Susan Peithman, who works on Washington County issues as an advocate with the Bicycle Transportation Alliance has also chimed in. She has laid out several short, near, and long-term solutions to deal with the issue of bikes and cars on narrow rural roads.

The Portland Police Bureau says they could confront Wheeler with a home visit, but that they’d need to investigate the case (including an interview of Ms. Walle) and have probable cause that he has broken a law. According to Lt. Eric Schober, they’ve hired a new bicycle liaison officer. I think this is a perfect case where that position could come in handy.

Mr. Wheeler might be the exception in terms of his actions around this issue; but, he’s far from alone in thinking that people on bikes simply don’t belong on narrow, rural roads. Whether it’s Sauvie Island, West Union, Forest Grove, Skyline, or any of the other popular rural riding areas around Portland, this is an issue crying out for progress and resolution. Let’s hope it happens sooner rather than later.

Stay tuned.

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  • 9watts August 19, 2011 at 11:47 am

    Anger + driving car = watch out.

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  • Nick August 19, 2011 at 11:50 am

    He’s perfectly entitled to have an opinion about the law, but aggressive behavior like that is intolerable. Tailgating a bike in a motor vehicle should be considered intimidation and assault with a deadly weapon.

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    • sore bore August 19, 2011 at 2:52 pm

      NIck.. I was under the impression that other states have a “3 citizens report & your out” type of law for license revocation due to vehicular harassment. Do you or any one here have any knowledge of Oregon statutes pertaining to this type of behavior?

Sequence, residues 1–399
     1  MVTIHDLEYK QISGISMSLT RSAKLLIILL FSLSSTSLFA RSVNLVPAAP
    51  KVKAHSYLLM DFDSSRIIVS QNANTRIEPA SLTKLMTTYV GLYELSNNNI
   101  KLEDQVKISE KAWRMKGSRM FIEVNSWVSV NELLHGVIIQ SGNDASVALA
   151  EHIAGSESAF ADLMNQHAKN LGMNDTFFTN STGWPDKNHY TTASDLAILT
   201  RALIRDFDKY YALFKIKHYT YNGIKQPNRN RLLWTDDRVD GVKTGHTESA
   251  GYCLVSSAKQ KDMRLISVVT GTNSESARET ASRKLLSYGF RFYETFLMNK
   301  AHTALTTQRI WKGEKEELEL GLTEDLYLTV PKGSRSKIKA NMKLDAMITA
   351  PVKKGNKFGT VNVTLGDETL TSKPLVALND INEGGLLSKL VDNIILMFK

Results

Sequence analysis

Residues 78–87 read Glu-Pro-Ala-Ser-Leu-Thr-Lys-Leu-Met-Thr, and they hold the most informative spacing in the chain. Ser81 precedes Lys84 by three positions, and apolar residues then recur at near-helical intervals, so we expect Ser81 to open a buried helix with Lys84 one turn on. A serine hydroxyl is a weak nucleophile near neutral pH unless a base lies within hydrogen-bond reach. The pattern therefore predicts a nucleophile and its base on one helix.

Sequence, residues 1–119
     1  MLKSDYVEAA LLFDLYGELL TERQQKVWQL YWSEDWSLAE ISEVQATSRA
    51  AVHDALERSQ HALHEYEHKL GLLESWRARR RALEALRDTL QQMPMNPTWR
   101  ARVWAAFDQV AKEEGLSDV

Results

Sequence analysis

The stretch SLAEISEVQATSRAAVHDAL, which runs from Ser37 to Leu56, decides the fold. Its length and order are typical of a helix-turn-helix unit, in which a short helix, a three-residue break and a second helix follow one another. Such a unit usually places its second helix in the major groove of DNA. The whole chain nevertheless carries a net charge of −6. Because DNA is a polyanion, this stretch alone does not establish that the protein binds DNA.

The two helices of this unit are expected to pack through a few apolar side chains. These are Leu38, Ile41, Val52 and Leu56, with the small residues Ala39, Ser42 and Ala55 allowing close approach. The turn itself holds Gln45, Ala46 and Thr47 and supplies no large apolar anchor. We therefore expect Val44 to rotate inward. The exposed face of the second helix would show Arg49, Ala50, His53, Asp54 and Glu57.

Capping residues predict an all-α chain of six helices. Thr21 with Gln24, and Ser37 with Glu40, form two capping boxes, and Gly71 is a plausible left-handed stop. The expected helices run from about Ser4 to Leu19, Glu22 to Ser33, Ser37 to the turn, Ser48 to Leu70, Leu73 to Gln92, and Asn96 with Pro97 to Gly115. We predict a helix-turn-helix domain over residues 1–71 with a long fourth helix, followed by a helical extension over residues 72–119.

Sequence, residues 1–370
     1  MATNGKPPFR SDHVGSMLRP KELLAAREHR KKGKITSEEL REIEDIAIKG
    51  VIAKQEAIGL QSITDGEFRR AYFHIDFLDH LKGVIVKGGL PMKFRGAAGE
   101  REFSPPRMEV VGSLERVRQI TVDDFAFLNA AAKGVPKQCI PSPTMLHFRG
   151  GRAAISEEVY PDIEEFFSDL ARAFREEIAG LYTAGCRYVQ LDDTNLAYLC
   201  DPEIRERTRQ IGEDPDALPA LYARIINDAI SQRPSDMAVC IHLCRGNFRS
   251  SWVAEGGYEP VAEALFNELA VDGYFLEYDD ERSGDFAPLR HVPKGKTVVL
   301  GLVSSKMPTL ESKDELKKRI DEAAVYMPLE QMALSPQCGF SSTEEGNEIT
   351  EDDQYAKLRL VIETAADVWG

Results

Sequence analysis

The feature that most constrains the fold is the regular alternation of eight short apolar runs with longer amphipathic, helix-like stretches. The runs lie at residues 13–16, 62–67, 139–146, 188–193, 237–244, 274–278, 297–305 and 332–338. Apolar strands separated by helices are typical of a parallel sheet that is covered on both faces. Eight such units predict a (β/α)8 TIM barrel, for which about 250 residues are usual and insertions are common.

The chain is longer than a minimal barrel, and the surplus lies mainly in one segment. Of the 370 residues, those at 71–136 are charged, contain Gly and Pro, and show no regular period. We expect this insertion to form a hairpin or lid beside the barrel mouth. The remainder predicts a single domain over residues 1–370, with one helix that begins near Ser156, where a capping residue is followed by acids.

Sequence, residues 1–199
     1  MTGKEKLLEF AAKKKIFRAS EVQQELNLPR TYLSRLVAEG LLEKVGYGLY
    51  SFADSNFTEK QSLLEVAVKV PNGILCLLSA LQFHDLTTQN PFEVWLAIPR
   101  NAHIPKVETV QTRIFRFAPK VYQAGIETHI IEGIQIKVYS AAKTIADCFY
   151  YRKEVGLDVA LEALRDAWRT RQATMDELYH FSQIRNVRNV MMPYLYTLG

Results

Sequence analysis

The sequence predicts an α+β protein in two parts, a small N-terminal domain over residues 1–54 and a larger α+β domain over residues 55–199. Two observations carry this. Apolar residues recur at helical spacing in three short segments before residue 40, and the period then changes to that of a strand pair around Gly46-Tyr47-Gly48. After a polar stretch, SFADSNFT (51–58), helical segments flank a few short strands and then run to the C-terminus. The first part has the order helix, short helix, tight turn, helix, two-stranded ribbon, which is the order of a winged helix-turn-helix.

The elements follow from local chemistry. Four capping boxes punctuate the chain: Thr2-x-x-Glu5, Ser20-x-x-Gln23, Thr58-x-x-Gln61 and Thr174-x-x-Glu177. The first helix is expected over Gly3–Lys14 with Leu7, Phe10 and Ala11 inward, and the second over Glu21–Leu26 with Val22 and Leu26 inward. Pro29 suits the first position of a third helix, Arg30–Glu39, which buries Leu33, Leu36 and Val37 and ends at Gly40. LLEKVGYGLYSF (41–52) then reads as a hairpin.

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    • eric August 20, 2011 at 8:55 am

      it’s not an opinion. he’s redefining by leaving out key elements

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  • Brad August 19, 2011 at 11:56 am

    Should you run into this guy, or any aggressive driver like this, get a plate number and a vehicle description and call 911 to report a drunk driver. The police respond in a hurry to those calls. That’s the policy of the club that I ride with.

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    • Paul August 19, 2011 at 2:37 pm

      I’ve had to do this before on a state highway once in the mountains near Sisters after tailing a car that was swerving into the dirt, past the shoulder. They sent someone VERY quickly and pulled him over. The trooper came back and told me that everything is okay, and that in fact he wasn’t drunk, just tired and falling asleep. Me: uh, not okay, but thanks for getting there so quickly. 🙂

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    • chad b August 22, 2011 at 11:22 am

      speaking of entitlement….

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  • justin August 19, 2011 at 11:56 am

    Agree, I always think that people with cars that attempt to intimidate or scare cyclists should be charged with assault (yeah guy who flipped me off yesterday and tried to buzz my tire but wasn’t man enough to step out of his car when I cordially invited him to after, talking to you and your ilk)

    It’s VERY apparent that Scott Wheeler is going to cause someone injury or worse in the future, I just hope for once that the law can do something proactive before that happens.

    I wonder if there’s a way to get information out about his place of work/having people boycott that as well. Monetary issues always get attention.

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  • GlowBoy August 19, 2011 at 12:08 pm

    How has this guy NOT been at least charged with Menacing yet? This guy has clearly committed prosecutable crimes.

    Also, if he’s gone to this amount of trouble to publicly harass and intimidate others, he’s fair game for picketing: publish his address!